Not to beat a dead horse. . . . Well, okay, maybe one more time. It’s a new year. Trying to get a read on the Food and Drug Administration is like attempting to decipher one of those post-World War II 10-inch television test patterns: You get a lot of numbers, voodoo math figures, shifting scenes, screen noise (read that as pixels the size of dimes), all in black and white, which is not how the FDA deals. The FDA has never-ending shades of gray produced by a bloated bureaucracy, which eats your tax dollars by the millions.
Several years ago, a sundown farmer walked his fields of tobacco, looking, watching and wondering about the future. His farm, roughly 300 acres, had been in his family for more than 200 years. Many of his ancestors arrived along the Tennessee-Kentucky border shortly after the end of the Revolutionary War and settled upon rich valley croplands to raise crops, especially tobacco.
During the South’s Civil War, the family had to defend the land from marauding troops from both Union and Confederate. Good tobacco was as necessary as food in the war.
In a brief tour, the farmer pointed out a graveyard where the family had buried its dead over the two centuries. They had become part of the soil, he said, just as his soul was also part of the soil.
As I reflect upon our current condition, meaning the fraternity of pipe tobacco smokers, I am concerned that we are running out of sanctuaries, and that we are in some sort of middle earth of dragons and awful flying things. I fear that we will be overcome.
Recently (July 13, 2014), I watched CNN’s re-run of its news feature by Dr. Sanjay Gupta on Weed. I missed the first episode and decided to tune-in to this re-run.
Now, I did not just ride in on the turnip truck, but I was stunned to learn from the piece that the federal government owns a patent on marijuana. Did you know that? Why didn’t you tell me?
Over the next weeks and months, I will endeavor to write a series of essays that will be on a different plane than those in the past. Basically, the Pipe Pundit will attempt to go ethereal.
What has me disturbed and agitated is the state of things in our nation, outside of what is going on, or not, with the political process.
I’m more interested in individual rights than group rights.
Several years ago, I interviewed that great Southern Gentleman, Shelby Foote, the famed Civil War author. He invited me to his beautiful 1927 English Tudor cottage in Memphis, Tenn., to talk of things past.
You, over there. The guy with the pipe in his mouth. How do you like being a FDA target? Feel good being zeroed-in by one of the largest federal bureaucracies in the known world? Getting accustomed to the big red and white target on your back? Maybe you are getting that ol’ hunted down feeling?
I just thought I was a pipe smoker. After returning from the amazing Chicagoland Pipes and Tobacciana Show in early May and reflecting on the event, I have decided that even after more than four decades of smoking a pipe, I am a neophyte.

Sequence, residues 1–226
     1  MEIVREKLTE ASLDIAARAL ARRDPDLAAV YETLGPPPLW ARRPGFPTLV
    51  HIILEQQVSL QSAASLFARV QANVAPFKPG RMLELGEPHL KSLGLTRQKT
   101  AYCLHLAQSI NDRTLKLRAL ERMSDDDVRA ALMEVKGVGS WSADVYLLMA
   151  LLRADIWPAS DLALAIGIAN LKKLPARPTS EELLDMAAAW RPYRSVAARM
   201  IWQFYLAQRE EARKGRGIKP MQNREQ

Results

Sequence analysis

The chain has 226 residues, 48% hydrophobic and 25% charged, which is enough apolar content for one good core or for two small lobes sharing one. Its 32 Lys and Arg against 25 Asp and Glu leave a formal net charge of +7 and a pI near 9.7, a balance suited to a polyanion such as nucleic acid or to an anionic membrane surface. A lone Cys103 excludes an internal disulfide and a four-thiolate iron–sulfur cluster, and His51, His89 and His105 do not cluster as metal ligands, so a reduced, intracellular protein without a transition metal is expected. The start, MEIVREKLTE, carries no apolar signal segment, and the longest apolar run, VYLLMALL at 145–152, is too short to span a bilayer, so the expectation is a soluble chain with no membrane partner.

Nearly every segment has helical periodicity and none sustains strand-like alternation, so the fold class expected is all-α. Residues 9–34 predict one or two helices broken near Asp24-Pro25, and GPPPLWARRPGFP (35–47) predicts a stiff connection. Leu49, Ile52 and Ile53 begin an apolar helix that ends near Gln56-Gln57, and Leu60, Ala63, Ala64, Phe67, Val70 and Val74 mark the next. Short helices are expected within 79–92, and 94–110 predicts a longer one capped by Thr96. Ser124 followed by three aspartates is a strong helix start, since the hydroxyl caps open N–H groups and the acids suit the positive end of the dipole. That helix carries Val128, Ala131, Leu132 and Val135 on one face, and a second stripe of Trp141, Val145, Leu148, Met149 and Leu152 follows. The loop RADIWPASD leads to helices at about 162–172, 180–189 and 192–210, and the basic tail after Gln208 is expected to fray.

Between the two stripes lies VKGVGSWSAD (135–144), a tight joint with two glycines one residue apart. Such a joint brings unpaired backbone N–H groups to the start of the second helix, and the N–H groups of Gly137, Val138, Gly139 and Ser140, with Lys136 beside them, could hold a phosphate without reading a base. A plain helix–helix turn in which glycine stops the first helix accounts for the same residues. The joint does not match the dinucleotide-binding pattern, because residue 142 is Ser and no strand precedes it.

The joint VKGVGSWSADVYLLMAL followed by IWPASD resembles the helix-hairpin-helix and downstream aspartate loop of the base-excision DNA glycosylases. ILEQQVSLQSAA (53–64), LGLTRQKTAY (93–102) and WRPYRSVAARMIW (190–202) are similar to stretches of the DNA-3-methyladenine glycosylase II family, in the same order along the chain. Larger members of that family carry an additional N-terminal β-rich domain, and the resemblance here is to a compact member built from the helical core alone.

I mean, there are some fellas who take this hobby very seriously. Me, I toss some tobacco into a bowl, light ‘er up and go on about my business. I don’t pay much attention to the tobacco being smoked, let alone the pipe!
There is an old adage in Major League Baseball, when the rookie leaves the minors heading to the big leagues. It’s called going to “The Show.”
That’s where I’m headed the first of May, thanks to Kevin Godbee and PipesMagazine.com. I’ll be among those writing daily coverage of the Chicagoland International Pipe & Tobacciana Show, the Big League of Pipe Shows, from May 1-5.
Here is the issue: What do smoking pipes and the Federalist Papers (first known as simply Federalist) have in common?
Some of the finest minds of the 18th Century wrote the Federalist essays, some 81 in all, as a way to inform the reading public on the intricacies of government and the governed.
One of those great minds was James Madison, fourth U.S. president and "Father of the U.S. Constitution." He grew tobacco and smoked cigars, and his wife puffed happily on her pipes, as did many women of that era.
A Second Front has opened in the Tobacco Wars. And if you are a conspiracy theorist, you might see this latest assault as one that could make pipe tobacco harder to find, harder to sell, and harder to purchase. Why? A major reason is that all of these issues result from the heavy tax burden waiting in the wings to be levied against Lady Nicotine, the beloved brown leaf of pipe smokers.
If you have been following the Tobacco Wars for a while, you know that once the States Attorneys General enter into the fray, all the furniture in the room gets rearranged.
Two of East Tennessee’s most iconic retail tobacconists, Smoky’s Cigar in Knoxville, TN., and The Gatlin-Burlier Tobacconist in Gatlinburg, TN., gateway to the Great Smoky Mountains National Park, have been in business for more than 30 years each. Combined, the two shops have more than a half century of history and experience from which to draw.
Dave Watson, owner of Smoky’s, and Ira Lapides, owner-founder of The Gatlin-Burlier in the resort town of Gatlinburg, bring an astounding amount of business acumen to the table when it comes to pipes, tobacco and what the future holds for those who enjoy the fruits of their labor.